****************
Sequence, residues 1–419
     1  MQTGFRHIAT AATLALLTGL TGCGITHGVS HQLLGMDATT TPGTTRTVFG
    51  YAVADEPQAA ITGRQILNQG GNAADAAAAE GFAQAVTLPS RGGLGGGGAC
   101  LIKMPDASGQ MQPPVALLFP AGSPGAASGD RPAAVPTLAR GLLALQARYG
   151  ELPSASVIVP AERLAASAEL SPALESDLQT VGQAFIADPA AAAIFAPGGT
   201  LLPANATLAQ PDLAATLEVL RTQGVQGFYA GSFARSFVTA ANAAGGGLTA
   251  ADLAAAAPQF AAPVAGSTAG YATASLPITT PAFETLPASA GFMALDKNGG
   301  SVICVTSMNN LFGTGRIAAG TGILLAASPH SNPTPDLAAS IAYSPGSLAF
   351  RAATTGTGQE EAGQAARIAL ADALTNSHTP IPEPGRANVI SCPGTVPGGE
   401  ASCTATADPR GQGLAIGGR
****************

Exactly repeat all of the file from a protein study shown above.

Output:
Sequence, residues 1–419
     1  MQTGFRHIAT AATLALLTGL TGCGITHGVS HQLLGMDATT TPGTTRTVFG
    51  YAVADEPQAA ITGRQILNQG GNAADAAAAE GFAQAVTLPS RGGLGGGGAC
   101  LIKMPDASGQ MQPPVALLFP AGSPGAASGD RPAAVPTLAR GLLALQARYG
   151  ELPSASVIVP AERLAASAEL SPALESDLQT VGQAFIADPA AAAIFAPGGT
   201  LLPANATLAQ PDLAATLEVL RTQGVQGFYA GSFARSFVTA ANAAGGGLTA
   251  ADLAAAAPQF AAPVAGSTAG YATASLPITT PAFETLPASA GFMALDKNGG
   301  SVICVTSMNN LFGTGRIAAG TGILLAASPH SNPTPDLAAS IAYSPGSLAF
   351  RAATTGTGQE EAGQAARIAL ADALTNSHTP IPEPGRANVI SCPGTVPGGE
   401  ASCTATADPR GQGLAIGGR